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Edward Dickens

From Wikipedia, the free encyclopedia

Edward Dickens
Edward Bulwer Lytton Dickens 1868.jpg
Edward Bulwer Lytton Dickens in 1868
Member of the New South Wales Legislative Assembly
In office
13 February 1889 – 25 June 1894
Preceded byNew seat
Succeeded byRichard Sleath
Personal details
Born(1852-03-13)13 March 1852
London, England
Died23 January 1902(1902-01-23) (aged 49)
Moree, New South Wales, Australia
RelationsSix brothers and three sisters
ParentsCharles Dickens
Catherine Dickens

Edward Bulwer Lytton Dickens (13 March 1852 – 23 January 1902) was the youngest son of English novelist Charles Dickens and his wife Catherine.[1] He emigrated to Australia at the age of 16, and eventually entered politics, serving as a member of the New South Wales Legislative Assembly from 1889 to 1894. He died in poverty at the age of 49.

Early life

Nicknamed "Plorn", Dickens was named after novelist Edward Bulwer-Lytton and educated at Tunbridge Wells in Kent at a private school owned by the Reverend W. C Sawyer, later Anglican bishop of Armidale and Grafton. He also attended lectures at the Royal Agricultural College in Cirencester, Gloucestershire.[2][3]

Momba House at Momba Station c. 1870
Momba House at Momba Station c. 1870

Move to Australia

Charles Dickens encouraged Edward, along with his elder brother Alfred D'Orsay Tennyson Dickens, to migrate to Australia, which he saw as a land of opportunity. Alfred migrated in 1865 and Edward in 1868. Edward arrived at Momba Station just before his sixteenth birthday. Dickens settled at Wilcannia, New South Wales where he became manager of Momba Station. He married Constance Desailly, the daughter of a local property-owner, in 1880. He opened a stock and station agency, was elected as an alderman of Bourke Shire Council and bought a share in Yanda station near Bourke. He lost heavily from bad seasons and in 1886 he was appointed government inspector of runs in the Bourke District. He was never able to pay back a loan of £800 from his most successful brother, Henry.[3][4]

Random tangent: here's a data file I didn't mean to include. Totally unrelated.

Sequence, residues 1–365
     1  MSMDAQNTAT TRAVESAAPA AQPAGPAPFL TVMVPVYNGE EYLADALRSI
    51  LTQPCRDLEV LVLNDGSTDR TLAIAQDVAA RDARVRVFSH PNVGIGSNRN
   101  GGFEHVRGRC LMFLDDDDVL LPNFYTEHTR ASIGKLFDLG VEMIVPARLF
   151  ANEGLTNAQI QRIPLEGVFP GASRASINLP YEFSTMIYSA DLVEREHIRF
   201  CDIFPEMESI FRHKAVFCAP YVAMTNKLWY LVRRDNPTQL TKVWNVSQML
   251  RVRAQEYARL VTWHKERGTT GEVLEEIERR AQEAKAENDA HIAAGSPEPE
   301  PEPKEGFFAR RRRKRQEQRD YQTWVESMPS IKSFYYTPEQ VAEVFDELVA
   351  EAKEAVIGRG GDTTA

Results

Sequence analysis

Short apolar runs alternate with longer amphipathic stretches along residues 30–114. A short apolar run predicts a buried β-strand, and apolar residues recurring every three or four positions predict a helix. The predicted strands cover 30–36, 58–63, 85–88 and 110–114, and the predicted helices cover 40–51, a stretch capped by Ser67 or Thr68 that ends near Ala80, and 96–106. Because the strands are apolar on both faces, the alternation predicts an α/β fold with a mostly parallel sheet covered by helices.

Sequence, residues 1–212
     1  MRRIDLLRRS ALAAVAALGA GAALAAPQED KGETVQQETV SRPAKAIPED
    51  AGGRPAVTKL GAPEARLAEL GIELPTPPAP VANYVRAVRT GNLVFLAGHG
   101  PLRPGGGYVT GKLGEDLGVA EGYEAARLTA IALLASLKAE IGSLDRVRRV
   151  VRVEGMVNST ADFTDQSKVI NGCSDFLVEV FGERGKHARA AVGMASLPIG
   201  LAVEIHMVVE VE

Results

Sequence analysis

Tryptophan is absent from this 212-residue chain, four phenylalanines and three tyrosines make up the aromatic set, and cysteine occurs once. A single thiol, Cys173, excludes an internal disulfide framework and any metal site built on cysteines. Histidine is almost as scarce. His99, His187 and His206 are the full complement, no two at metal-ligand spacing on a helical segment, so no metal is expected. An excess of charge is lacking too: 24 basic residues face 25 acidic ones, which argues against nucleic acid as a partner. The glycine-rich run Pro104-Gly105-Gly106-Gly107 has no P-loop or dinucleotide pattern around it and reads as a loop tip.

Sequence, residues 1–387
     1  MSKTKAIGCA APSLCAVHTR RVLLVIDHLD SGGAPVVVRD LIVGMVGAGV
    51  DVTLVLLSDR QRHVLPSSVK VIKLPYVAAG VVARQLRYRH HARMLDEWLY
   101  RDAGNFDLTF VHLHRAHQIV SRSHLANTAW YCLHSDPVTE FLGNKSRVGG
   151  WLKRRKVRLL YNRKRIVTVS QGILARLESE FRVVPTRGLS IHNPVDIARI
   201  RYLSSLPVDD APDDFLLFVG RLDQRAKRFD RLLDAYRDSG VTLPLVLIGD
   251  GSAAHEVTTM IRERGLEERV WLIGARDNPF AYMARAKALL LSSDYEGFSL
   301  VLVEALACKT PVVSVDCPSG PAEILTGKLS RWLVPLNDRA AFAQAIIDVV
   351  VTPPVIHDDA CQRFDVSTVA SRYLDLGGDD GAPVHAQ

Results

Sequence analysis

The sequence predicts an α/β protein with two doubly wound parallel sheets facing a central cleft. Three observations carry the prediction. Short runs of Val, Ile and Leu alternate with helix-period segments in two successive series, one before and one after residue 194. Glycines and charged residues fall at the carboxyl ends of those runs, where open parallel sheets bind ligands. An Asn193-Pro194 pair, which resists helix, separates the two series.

Dickens nominated for the seat of Wentworth at the 1882 by-election, but withdrew before the polls, won by fellow pastoralist Edward Quin, then was elected member for Wilcannia in the New South Wales Legislative Assembly in 1889 and held the seat until defeated by the Labor Party candidate, Richard Sleath in 1894.[2]

Later life

Dickens' grave in Moree
Dickens' grave in Moree

Dickens then became a rabbit inspector for the Government of New South Wales and was afterwards an officer for the Lands Department in charge of the Moree district.[5] He subsequently had difficulty finding employment and died after several months' illness in Moree, in debt and childless.[3] He was buried in Moree cemetery.[6]

See also


  1. ^ Dickens Family Tree website
  2. ^ a b "Mr Edward Bulwer Lytton Dickens (1852-1902)". Former Members of the Parliament of New South Wales. Retrieved 13 May 2019.
  3. ^ a b c Lansbury, Coral (1972). "Dickens, Charles (1812 - 1870)". Australian Dictionary of Biography. Melbourne University Press. ISSN 1833-7538. Retrieved 8 September 2007 – via National Centre of Biography, Australian National University.
  4. ^ Meacham, Steve (24 December 2002). "Dickens of a time". The Sydney Morning Herald. Retrieved 8 September 2007.
  5. ^ 'The Life of Charles Dickens: His Life,Writings and Personality' By Frederic George Kitton, Published by Lexden Publishing Limited, (2004) p383, ISBN 1-904995-02-0
  6. ^ "Grave Photo Link". National Library of Australia. Retrieved 9 September 2007.
New South Wales Legislative Assembly
New seat Member for Wilcannia
Succeeded by
Richard Sleath
This page was last edited on 19 February 2021, at 16:32
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